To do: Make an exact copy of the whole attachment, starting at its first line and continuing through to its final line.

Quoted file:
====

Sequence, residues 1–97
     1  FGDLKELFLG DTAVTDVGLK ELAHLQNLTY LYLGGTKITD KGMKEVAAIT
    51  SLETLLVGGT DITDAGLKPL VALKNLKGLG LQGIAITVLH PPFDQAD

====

Sequence, residues 1–97
     1  FGDLKELFLG DTAVTDVGLK ELAHLQNLTY LYLGGTKITD KGMKEVAAIT
    51  SLETLLVGGT DITDAGLKPL VALKNLKGLG LQGIAITVLH PPFDQAD